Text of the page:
Distributing temperature-sensitive products in developing markets

Transporting temperature-sensitive goods is never an easy task – and this is never truer than when trying to do so in developing markets, often with tropical climates and challenging geographies.

The Philippines are an example of this – geographically, it is an archipelago consisting of about 7,641 islands, of which only about 2,000 are inhabited. They are clustered into the three major island groups of Luzon, Visayas, and Mindanao. Whilst the Philippines has a large base of experienced importers, only few of them have nationwide coverage, and the high cost of inter-island shipping makes imported products much more expensive outside of Metro Manila. Whilst the Filipino cold chain has improved in leaps and bounds over recent years, it is estimated that around 40% of temperature-sensitive food supplies are still not passing though it at present.

But even in more developed markets, maintaining the cold chain can be problematic – a Singaporean hotel recently commented to us that its location on the busy Orchard Road made chilled / frozen transport more of a challenge – as there are so many hotels and restaurants on this road, delivery trucks stop frequently and their doors are being opened and closed constantly – given Singapore’s hot and humid climate, this can quickly lead to problems, especially for extremely sensitive products such as ice cream.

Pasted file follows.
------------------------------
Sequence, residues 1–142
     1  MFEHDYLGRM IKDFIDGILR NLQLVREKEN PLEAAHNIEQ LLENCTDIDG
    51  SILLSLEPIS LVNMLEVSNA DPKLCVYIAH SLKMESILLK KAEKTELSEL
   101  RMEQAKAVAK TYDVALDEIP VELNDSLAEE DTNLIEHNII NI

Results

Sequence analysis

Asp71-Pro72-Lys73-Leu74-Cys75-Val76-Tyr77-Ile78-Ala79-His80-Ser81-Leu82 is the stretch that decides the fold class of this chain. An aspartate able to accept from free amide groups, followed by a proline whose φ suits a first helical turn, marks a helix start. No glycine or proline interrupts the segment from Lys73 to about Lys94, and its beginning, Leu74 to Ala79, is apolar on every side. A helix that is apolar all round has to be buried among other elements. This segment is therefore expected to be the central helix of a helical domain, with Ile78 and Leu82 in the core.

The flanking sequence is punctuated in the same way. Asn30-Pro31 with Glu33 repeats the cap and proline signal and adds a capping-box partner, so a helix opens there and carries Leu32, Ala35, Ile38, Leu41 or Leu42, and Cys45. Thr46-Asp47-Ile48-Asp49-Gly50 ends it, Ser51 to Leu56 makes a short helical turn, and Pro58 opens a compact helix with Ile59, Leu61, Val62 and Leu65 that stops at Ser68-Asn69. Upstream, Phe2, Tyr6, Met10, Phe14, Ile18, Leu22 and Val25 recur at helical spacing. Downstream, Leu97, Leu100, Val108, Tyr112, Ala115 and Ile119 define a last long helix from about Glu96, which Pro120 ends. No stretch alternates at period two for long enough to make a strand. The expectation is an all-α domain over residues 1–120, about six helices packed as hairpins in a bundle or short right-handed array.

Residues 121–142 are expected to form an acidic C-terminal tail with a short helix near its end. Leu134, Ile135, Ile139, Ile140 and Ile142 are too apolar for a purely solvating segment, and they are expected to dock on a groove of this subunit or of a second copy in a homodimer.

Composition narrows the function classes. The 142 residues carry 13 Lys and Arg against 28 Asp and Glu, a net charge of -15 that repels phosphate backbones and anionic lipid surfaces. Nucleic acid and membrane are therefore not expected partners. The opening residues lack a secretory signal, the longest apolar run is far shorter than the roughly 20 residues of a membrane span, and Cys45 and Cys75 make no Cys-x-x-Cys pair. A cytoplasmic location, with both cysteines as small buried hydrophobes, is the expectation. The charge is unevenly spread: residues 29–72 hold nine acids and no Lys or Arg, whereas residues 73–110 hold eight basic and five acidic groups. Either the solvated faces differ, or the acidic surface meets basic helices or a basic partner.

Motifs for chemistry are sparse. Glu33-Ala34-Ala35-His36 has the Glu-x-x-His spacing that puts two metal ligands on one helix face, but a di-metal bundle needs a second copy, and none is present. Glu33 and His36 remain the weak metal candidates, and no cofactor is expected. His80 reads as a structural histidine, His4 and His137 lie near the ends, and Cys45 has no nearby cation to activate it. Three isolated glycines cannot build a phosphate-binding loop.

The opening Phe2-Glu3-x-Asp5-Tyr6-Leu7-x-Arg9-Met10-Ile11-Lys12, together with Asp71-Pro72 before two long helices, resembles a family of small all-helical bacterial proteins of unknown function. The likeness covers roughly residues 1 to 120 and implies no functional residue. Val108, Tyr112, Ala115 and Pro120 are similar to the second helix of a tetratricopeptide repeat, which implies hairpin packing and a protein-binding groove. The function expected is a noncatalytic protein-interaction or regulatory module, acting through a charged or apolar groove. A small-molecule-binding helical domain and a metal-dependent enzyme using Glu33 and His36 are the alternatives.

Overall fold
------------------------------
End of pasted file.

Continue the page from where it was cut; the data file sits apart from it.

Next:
Often cultural factors also play a role – on a recent visit to the Peruvian poultry association, it was explained to us that many Peruvian consumers still prefer warm (!) poultry to chilled or frozen product as they perceive it as fresher.

These examples highlight the importance for any exporter of temperature-sensitive food products to choose their distribution partner in developing markets extremely carefully – in terms of coverage, facilities and also cultural understanding of the market!

If you need help or have any questions concerning distribution arrangements in emerging markets, or need to find a partner, please just get in touch – we’d be happy to discuss how we could help.